New Hampshire Ballot Order Lawsuit Loses

On October 18, a lower New Hampshire state court upheld the law that gives the party that polled the most votes the top row (or the left-hand column) on the ballot. Akins v Secretary of State of New Hampshire, Merrimack Co., 04-E-360. The judge acknowledged that having the best spot on the ballot does help the party that enjoys that position, but still declined to require a random procedure to determine which party gets the best position.

The law that gives the best spot on the ballot to the party that polled the most votes, doesn’t specify which office. Therefore, the state adds up the vote for each party, for all the partisan offices on the ballot. The law has existed since 1994 and has always meant that Republicans get the best spot on the ballot.

Injunction Issued Against Georgia Photo ID Law

On October 18, a U.S. District Court judge in Georgia enjoined the state from enforcing its new law, requiring voters who vote at the polls to show a government-issued photo ID. The injunction is 124 pages long and seems to be based on the 24th amendment to the U.S. Constitution, which forbids a poll tax or “any tax”. Georgia state ID costs $20. The state says it exempts the indigent, but the 24th amendment applies to all voters, not just indigents. Common Cause v Billups, 4:05-cv-201-HLM. If the ruling is not reversed on appeal, it may eventually have positive implications for states that require large filing fees (with no alternate means to get on the ballot) for all candidates except “paupers”.

Elaine Brown Removed from Brunswick, Georgia Mayoral ballot

On October 14, the Glynn County, Georgia Board of Elections disqualified Elaine Brown from running for Mayor of Brunswick. Elaine Brown had been considered one of the leading Green Party candidates in next month’s elections around the nation. Candidates for Mayor must have lived in Brunswick for a year before the election. Brown lived with friends in Brunswick in November 2004, but didn’t started renting her current home until December 2004. She plans a lawsuit to overturn the Board’s decision.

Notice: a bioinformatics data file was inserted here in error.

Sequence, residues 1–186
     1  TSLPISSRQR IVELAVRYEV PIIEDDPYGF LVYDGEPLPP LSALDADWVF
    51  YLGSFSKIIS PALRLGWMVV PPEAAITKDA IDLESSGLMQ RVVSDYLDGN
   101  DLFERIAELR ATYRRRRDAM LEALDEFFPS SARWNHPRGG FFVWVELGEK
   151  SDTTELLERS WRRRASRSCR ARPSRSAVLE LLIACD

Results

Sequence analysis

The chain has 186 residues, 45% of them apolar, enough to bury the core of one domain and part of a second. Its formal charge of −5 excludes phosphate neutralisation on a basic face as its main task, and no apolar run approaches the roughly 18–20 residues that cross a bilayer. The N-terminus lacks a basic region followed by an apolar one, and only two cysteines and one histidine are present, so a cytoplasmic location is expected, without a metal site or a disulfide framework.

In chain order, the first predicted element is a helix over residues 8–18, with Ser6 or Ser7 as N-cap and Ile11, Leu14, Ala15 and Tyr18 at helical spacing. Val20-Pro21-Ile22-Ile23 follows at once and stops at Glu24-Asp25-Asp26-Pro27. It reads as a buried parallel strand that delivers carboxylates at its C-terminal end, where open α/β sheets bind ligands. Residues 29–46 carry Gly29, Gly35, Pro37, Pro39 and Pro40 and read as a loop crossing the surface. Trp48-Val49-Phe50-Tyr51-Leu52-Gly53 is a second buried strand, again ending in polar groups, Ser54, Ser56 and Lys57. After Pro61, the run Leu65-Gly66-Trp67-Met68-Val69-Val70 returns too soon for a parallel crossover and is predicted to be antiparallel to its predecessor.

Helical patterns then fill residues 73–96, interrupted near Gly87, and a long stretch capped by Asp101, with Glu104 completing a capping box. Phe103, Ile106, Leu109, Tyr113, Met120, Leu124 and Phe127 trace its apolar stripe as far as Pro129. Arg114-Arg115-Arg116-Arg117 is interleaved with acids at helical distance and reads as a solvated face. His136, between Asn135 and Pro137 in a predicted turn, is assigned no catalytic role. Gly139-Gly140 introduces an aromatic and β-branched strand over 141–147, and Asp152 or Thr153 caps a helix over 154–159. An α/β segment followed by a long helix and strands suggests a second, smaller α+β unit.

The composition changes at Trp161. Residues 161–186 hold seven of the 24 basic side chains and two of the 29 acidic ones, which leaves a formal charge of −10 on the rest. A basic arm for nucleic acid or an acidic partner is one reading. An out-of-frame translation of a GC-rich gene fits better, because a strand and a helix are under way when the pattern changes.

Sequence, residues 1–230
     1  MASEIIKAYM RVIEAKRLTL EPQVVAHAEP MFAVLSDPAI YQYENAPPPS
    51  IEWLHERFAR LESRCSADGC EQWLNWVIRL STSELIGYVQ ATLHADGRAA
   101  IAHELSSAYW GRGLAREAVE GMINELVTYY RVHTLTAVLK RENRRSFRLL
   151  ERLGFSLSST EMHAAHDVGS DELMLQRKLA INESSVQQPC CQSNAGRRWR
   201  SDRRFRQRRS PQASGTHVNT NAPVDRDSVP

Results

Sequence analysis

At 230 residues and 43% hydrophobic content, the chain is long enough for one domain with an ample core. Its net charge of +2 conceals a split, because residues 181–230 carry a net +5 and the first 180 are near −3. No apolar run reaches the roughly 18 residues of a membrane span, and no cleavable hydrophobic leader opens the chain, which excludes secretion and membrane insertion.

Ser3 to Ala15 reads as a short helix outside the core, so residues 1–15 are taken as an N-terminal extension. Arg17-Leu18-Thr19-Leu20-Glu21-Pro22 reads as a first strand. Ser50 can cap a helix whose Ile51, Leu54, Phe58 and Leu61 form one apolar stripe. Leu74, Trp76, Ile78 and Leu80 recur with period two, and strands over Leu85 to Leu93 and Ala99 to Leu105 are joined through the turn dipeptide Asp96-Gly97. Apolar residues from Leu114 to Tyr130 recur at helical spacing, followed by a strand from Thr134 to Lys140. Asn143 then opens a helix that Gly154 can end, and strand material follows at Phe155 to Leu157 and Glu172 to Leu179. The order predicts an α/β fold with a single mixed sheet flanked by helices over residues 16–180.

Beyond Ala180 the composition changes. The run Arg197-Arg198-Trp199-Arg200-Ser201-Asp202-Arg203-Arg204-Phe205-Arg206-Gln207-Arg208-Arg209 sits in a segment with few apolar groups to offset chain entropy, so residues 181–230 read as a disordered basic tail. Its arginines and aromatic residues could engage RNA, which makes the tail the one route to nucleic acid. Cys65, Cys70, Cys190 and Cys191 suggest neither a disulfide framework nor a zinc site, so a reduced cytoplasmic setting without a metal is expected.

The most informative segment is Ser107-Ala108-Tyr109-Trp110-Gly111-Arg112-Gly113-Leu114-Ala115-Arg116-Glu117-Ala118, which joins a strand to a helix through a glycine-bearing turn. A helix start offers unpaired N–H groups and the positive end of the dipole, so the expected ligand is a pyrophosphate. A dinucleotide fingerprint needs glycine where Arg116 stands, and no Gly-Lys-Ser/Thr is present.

Oregon Top-Two Proponents Re-Write their Initiative

On October 12, the Oregon proponents of a “top-two” election system submitted a new version of their initiative. “Top-two” means an election system in which all voters get the same primary ballot, and that primary ballot lists all candidates for an office, regardless of party. Then, only the two highest vote-getters can ever appear on the November ballot.

Washington voters passed a “top-two” system last year, but this year a U.S. District Court declared it unconstitutional. Washington is appealing. In the meantime, the Oregon proponents have now changed their version of “top-two”. The new Oregon initiative will say that political parties have a right to tell elections officials which candidate or candidates for any particular office may have the party name printed next to the candidate’s name, on the ballot.

Presumably, if the new Oregon version passes, major and minor parties alike would then set up nominating conventions, and only the candidate chosen at the convention could have that party’s name on the primary ballot.

The new version does nothing about the other legal problem for “top two”, which is that congress passed a law in 1872 telling the states that they must hold congressional elections in November, with any run-off to be later than November. Furthermore, US Supreme Court ballot access jurisprudence says that candidates for Congress cannot be kept off the November ballot if they have a modicum of support and if they hold the qualifications to be a member of congress, and if they have not sabotaged their own political party by “sore loser” behavior. “Top two” would require candidates to have voter support of approximately 30% to be listed on the November ballot, far too high to be constitutional.